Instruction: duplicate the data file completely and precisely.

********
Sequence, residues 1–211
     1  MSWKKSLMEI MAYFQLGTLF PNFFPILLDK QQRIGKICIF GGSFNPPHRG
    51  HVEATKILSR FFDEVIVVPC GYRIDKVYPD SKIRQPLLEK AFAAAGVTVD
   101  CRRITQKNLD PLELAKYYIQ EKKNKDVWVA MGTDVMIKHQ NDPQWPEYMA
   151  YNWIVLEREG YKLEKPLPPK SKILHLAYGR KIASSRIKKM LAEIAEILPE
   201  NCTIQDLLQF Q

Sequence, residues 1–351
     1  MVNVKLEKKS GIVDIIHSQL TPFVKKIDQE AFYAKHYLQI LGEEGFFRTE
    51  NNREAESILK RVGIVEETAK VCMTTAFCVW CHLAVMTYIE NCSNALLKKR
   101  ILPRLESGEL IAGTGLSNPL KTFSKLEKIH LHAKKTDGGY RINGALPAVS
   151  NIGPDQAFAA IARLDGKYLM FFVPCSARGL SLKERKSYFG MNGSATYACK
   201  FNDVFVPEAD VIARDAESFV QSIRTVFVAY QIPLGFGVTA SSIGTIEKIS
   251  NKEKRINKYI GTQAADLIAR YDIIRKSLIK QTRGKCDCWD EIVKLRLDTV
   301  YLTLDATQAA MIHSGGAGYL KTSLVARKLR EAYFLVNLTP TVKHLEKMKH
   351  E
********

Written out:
Sequence, residues 1–211
     1  MSWKKSLMEI MAYFQLGTLF PNFFPILLDK QQRIGKICIF GGSFNPPHRG
    51  HVEATKILSR FFDEVIVVPC GYRIDKVYPD SKIRQPLLEK AFAAAGVTVD
   101  CRRITQKNLD PLELAKYYIQ EKKNKDVWVA MGTDVMIKHQ NDPQWPEYMA
   151  YNWIVLEREG YKLEKPLPPK SKILHLAYGR KIASSRIKKM LAEIAEILPE
   201  NCTIQDLLQF Q

Sequence, residues 1–351
     1  MVNVKLEKKS GIVDIIHSQL TPFVKKIDQE AFYAKHYLQI LGEEGFFRTE
    51  NNREAESILK RVGIVEETAK VCMTTAFCVW CHLAVMTYIE NCSNALLKKR
   101  ILPRLESGEL IAGTGLSNPL KTFSKLEKIH LHAKKTDGGY RINGALPAVS
   151  NIGPDQAFAA IARLDGKYLM FFVPCSARGL SLKERKSYFG MNGSATYACK
   201  FNDVFVPEAD VIARDAESFV QSIRTVFVAY QIPLGFGVTA SSIGTIEKIS
   251  NKEKRINKYI GTQAADLIAR YDIIRKSLIK QTRGKCDCWD EIVKLRLDTV
   301  YLTLDATQAA MIHSGGAGYL KTSLVARKLR EAYFLVNLTP TVKHLEKMKH
   351  E